Project - Parrot of the Lower Lachlan Valley © Chris Tzaros

Parrots of the Lower Lachlan Valley

Raising the awareness of threatened species is a priority at PeeKdesigns. So when this project came across our desk we jumped at the chance to create an informative, vibrant and beautifully photographed resource for schools and local Landcare groups.

Developed in partnership with Petaurus Education Group Inc., this project includes an education resource for teachers (NSW Stages 1 to 3), fact sheets on the three chosen parrot species and an online presentation that includes audio, video and an interactive word wall. The latter has been develop for ease of use on all technology platforms, including SmartBoards and tablets. 

Funded by Riverina Local Land Services and supported by the Lachlan Fold Wildlife Action Group, the resource targets three key bird species located in the lower Lachlan Valley around the townships of Yenda, Rankin Springs and Naradhan. These are the glossy black cockatoo, Major Mitchell’s cockatoo and turquoise parrot.  

Top feature image: Turquoise parrot chicks in a nest hollow (Chris Tzaros)

Fact sheets


Glossy Black-Cockatoo © Chris Tzaros

© Chris Tzaros

Glossy black cockatoo

In New South Wales, the species is listed as Vulnerable and the Riverina population is Endangered. They only lay one egg per year, which makes their birth rate very slow. Their food trees (sheoaks) and nesting trees with suitable large hollows, are in limited supply across the Riverina.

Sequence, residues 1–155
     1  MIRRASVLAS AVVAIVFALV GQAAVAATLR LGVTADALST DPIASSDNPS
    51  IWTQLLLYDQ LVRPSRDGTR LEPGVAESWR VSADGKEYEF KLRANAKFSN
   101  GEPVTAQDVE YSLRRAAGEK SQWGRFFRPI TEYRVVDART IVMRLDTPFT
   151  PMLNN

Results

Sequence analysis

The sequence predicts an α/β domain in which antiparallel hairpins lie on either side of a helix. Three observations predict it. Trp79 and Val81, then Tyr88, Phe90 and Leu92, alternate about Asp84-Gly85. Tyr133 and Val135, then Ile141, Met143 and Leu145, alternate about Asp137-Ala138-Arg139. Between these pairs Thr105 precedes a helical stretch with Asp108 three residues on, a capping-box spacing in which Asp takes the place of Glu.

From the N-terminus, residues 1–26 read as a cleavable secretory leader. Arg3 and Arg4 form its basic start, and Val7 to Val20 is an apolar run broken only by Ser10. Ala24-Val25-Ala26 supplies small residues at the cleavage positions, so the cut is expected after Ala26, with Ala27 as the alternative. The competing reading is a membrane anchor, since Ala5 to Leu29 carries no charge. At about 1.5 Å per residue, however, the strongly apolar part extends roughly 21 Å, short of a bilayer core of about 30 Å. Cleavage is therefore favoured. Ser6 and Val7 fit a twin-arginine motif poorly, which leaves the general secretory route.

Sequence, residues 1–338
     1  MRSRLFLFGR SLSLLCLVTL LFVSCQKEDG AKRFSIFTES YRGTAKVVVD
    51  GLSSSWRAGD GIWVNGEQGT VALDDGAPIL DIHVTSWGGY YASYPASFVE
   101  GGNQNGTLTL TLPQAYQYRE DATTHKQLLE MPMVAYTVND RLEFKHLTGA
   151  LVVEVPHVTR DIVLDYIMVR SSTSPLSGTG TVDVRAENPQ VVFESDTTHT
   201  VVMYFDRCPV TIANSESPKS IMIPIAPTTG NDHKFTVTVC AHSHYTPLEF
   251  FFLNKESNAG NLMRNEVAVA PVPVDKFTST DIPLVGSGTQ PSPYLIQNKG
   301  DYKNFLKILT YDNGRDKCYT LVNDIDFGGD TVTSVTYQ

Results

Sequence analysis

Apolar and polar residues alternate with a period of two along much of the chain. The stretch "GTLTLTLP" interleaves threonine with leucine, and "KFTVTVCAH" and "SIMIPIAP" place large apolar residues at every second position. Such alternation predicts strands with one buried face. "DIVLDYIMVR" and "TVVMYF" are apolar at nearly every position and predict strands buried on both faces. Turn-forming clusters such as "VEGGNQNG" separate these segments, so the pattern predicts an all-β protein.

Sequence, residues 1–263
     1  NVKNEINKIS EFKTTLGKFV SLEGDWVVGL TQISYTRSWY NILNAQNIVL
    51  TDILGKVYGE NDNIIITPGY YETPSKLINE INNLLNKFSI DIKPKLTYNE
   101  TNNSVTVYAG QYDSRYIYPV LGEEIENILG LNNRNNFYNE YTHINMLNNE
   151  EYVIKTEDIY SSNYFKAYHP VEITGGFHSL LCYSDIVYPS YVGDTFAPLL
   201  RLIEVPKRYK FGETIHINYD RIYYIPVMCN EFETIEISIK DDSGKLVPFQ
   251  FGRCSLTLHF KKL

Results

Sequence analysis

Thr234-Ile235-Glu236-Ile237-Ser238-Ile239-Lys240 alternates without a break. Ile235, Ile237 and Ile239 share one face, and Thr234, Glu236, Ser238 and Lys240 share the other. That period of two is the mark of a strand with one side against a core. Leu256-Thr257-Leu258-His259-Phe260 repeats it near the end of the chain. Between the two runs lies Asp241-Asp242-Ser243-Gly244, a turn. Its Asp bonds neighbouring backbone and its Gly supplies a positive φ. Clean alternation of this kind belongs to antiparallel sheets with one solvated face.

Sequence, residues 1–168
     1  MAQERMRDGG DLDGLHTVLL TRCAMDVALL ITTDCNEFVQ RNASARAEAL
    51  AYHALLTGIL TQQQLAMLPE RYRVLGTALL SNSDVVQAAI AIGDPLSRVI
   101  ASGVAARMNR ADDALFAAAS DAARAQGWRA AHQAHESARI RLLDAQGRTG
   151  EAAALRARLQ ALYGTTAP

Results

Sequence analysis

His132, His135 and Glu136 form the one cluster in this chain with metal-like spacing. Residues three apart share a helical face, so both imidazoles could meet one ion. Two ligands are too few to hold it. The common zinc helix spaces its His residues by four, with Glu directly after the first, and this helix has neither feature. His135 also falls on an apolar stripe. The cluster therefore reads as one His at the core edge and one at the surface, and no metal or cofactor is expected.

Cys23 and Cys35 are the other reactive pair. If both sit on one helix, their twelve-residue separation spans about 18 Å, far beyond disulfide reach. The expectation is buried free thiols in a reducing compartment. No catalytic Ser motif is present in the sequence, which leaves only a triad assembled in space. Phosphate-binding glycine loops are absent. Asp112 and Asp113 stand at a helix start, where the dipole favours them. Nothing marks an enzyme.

Download fact sheet


Major Mitchell's Cockatoo© Chris Tzaros

© Chris Tzaros

Major Mitchell’s cockatoo

The Major Mitchell’s cockatoo is named after Major Sir Thomas Mitchell, who was a surveyor and explorer of Southeast Australia during the 1800s. Due to habitat loss, they are listed as Vulnerable in New South Wales. They are often found feeding on seed on the ground, making them vulnerable to being preyed upon by feral cats and foxes.

Download fact sheet


Turquoise Parrot © Chris Tzaros

© Chris Tzaros

Turquoise parrot

Turquoise parrots were considered extinct in the wild by 1915 due to severe land clearing. The population began to recover by the 1920’s and they are still classified as Vulnerable today. They had formerly been caught in large numbers for the cage bird industry and were also shot for food, as a pie-filling.

Download fact sheet


Education resource

The purpose of the education unit is to broaden student’s knowledge, understanding and appreciation of the bird life that exists in their local area and the importance of protecting habitat for wildlife. Students will participate in a range of learning experiences that are cross-curricular. Students will have opportunities to make connections to prior knowledge and extend it further.

Activities within the education resource include:

  • Introduction to parrots
  • Bird calls
  • Bird beak design
  • Bird study
  • Hollows for habitat
  • Imaginative and/or persuasive writing task

Petaurus Education Group trialled activities in the region and their feedback was used to fine tune the resources. They also developed a short film on “Nest Hollows in Southern NSW” that is a great resource itself on the importance of nest hollows to both birds and mammals.

Owen Dunlop, Petaurus Education Group Inc., with Naradhan Public School students at the launch. August 2019

Download resource

Alternatively CLICK HERE for the presentation.